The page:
Malou Innocent reviews, An Enemy We Created: The Myth of the Taliban-Al Qaeda Merger in Afghanistan, by Alex Strick van Linschoten & Felix Kuehn: In the aftermath of the 9/11 attacks, George Tenet, then head of the CIA, told national security advisers in the White House bunker that the Taliban and Al Qaeda were really the same. In An Enemy We Created, Kandahar-based field researchers Alex Strick van Linschoten and Felix Kuehn turn that story on its head. Drawing on six years of experience living in southern Afghanistan, as well as hundreds of interviews with senior Taliban officials, field commanders, and former militants, they find good reasons to doubt that the Taliban and Al Qaeda were once fused as a single entity. They do find, however, that after years of coalition night raids, aerial bombings, and billions in American aid to a predatory regime in Kabul, Al Qaeda ideology is influencing a new generation of Taliban-affiliated insurgents.
During their jihad against the Soviets, the progenitors of the Afghan Taliban, based in the south around greater Kandahar, were religious nationals fighting to protect their communities and customs against the communist government in Kabul and the external occupiers that backed it. “Afghan Arabs,” on the other hand, were based mainly in the south-east and desperate for martyrdom. Many of them, including elements of Al Qaeda’s predecessor (Maktab al-Khidmaat, or “Services Office”), were emptied from prisons of U.S.-allied Arab tyrannies, as Saudi Arabia, Egypt, and others disposed of their jihadists by exporting them to Afghanistan. One group of Arabs marked their tents white so they would stand out. Asked why, they replied, “We want them to bomb us! We want to die!”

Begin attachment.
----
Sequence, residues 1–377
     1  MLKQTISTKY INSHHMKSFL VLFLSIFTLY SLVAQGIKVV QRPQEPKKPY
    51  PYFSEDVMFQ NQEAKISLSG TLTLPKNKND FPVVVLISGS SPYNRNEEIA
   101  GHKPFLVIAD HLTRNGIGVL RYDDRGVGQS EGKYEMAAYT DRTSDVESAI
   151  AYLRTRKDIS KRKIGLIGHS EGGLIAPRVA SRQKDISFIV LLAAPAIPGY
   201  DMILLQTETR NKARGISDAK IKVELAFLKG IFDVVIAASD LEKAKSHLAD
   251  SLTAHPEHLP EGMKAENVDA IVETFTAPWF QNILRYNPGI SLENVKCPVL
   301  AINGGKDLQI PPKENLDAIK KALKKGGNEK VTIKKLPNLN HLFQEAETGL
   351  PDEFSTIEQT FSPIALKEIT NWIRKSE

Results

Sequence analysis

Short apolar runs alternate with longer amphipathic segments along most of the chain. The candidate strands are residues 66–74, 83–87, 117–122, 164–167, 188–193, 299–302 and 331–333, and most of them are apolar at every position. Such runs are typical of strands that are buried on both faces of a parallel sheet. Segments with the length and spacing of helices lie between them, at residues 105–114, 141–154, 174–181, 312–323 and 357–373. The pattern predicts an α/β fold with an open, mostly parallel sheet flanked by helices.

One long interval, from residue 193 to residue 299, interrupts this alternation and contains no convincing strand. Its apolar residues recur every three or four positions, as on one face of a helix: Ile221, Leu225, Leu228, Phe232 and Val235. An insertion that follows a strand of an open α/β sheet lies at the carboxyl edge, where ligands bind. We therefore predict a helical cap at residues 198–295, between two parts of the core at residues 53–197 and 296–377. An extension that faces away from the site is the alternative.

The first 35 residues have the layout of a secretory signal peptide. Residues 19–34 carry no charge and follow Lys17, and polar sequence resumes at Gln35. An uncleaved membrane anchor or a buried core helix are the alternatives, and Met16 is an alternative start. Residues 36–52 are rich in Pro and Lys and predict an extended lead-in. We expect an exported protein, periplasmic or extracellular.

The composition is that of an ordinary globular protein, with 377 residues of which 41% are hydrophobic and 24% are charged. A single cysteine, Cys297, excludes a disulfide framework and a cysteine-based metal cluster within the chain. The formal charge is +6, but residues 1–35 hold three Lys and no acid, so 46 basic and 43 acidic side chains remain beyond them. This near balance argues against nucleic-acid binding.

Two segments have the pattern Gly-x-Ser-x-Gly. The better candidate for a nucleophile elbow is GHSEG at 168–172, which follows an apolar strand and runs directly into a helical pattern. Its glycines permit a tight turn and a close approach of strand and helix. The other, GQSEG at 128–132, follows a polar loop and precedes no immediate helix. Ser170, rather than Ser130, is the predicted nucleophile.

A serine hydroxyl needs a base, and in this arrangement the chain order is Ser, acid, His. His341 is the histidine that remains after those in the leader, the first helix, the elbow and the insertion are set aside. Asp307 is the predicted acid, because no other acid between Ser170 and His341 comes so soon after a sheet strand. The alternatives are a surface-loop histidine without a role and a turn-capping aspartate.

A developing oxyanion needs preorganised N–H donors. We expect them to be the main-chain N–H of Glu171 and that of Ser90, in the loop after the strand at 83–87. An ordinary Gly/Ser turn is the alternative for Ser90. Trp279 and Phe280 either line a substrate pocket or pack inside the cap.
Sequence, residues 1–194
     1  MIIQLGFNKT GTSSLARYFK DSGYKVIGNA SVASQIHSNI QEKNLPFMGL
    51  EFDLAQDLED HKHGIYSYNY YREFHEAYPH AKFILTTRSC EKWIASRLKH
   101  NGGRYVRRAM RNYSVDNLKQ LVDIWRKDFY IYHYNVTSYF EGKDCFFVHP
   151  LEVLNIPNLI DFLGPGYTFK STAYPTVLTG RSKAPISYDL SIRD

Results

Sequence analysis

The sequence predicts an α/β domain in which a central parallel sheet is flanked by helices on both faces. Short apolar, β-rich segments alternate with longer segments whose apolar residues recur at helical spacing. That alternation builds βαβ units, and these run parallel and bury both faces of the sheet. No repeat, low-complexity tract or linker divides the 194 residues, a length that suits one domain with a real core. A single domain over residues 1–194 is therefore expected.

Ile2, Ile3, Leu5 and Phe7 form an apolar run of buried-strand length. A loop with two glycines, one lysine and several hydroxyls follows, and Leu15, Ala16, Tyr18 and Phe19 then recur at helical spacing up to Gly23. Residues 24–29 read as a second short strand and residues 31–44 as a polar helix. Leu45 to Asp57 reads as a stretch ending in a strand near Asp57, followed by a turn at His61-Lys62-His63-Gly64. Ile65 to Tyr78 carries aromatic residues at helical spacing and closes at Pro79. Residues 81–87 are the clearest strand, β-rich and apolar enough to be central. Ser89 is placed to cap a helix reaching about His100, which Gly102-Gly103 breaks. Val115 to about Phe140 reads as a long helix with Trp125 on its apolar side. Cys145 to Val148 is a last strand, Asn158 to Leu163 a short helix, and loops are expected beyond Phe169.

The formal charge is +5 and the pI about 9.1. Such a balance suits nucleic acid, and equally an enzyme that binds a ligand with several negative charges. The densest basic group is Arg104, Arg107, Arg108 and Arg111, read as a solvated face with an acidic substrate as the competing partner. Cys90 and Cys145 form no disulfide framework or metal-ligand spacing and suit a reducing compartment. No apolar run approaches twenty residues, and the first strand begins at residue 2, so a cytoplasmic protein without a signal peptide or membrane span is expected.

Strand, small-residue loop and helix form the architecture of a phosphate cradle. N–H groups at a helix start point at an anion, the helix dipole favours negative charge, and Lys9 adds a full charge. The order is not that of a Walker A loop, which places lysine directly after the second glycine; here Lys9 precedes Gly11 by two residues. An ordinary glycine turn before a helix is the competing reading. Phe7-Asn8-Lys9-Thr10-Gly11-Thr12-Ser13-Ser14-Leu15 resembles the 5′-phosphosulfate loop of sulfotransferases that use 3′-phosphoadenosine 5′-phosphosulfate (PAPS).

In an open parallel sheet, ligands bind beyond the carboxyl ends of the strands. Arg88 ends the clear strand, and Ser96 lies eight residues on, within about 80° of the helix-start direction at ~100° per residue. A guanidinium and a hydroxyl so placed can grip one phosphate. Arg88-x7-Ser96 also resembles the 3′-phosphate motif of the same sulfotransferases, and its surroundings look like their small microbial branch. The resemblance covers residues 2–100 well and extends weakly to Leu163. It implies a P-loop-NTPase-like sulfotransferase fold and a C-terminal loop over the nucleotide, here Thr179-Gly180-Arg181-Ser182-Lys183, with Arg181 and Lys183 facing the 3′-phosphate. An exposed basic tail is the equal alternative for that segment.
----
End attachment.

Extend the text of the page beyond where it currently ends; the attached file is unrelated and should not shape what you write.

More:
When the Soviets withdrew in February 1989, thousands of these stateless jihadists were left behind. Eighteen months later, they found a new rallying cry and turned against their American and Saudi sponsors. The stationing of U.S. troops on Saudi soil was like an “earthquake,” as America’s war against Saddam was perceived as a conspiracy to control Muslim states and the oil under their sands. The authors, corroborating much of the existing literature, brilliantly illustrate how Osama bin Laden and his coterie, who in 1992 moved from Afghanistan to Sudan, would eventually seek to draw America into a prolonged and costly war, striking the “far enemy” to weaken the “near enemy”—apostate Arab regimes.
During this period, the book reveals, the Kandahari Taliban “were not ever listening to the radio in those days, being content simply to continue their studies free from the distractions of the outside world.” They were less interested in global concerns than in the looting, murder, and chaos consuming their country. War-ravaged Afghans, looking for order, turned to the Taliban, which from the south gradually spread and established a legal system, arbitrating local disputes and enforcing their harsh interpretation of Sharia law.
By September 1996, U.S. officials largely welcomed the Taliban’s capture of Kabul, a feat the militants accomplished with Pakistan’s generous assistance. But bin Laden’s relocation to Afghanistan earlier that year would become a source of constant friction, not only between Washington and Kabul but also between the Taliban and Al Qaeda. [Continue reading…]